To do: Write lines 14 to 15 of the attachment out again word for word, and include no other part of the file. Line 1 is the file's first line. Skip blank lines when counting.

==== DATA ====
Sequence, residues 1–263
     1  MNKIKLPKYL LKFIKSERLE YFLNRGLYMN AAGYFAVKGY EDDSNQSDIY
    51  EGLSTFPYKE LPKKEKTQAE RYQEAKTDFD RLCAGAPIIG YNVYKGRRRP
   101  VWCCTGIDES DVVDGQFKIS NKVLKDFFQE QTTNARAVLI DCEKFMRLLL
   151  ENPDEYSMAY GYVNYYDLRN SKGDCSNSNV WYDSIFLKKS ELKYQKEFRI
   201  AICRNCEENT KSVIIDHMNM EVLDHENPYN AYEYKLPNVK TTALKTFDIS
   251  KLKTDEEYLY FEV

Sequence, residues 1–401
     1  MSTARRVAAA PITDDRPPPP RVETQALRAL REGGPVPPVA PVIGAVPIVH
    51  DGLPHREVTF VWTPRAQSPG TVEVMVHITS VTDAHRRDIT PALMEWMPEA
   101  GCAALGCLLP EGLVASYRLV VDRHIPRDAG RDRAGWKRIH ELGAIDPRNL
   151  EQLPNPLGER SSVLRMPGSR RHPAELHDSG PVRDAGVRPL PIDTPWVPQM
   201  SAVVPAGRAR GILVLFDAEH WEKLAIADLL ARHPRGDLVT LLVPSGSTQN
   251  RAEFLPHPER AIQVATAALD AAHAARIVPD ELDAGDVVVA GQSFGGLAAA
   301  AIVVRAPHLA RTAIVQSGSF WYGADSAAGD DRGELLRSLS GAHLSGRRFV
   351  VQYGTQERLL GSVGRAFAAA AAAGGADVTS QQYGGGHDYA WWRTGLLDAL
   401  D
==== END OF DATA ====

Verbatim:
   251  RAEFLPHPER AIQVATAALD AAHAARIVPD ELDAGDVVVA GQSFGGLAAA
   301  AIVVRAPHLA RTAIVQSGSF WYGADSAAGD DRGELLRSLS GAHLSGRRFV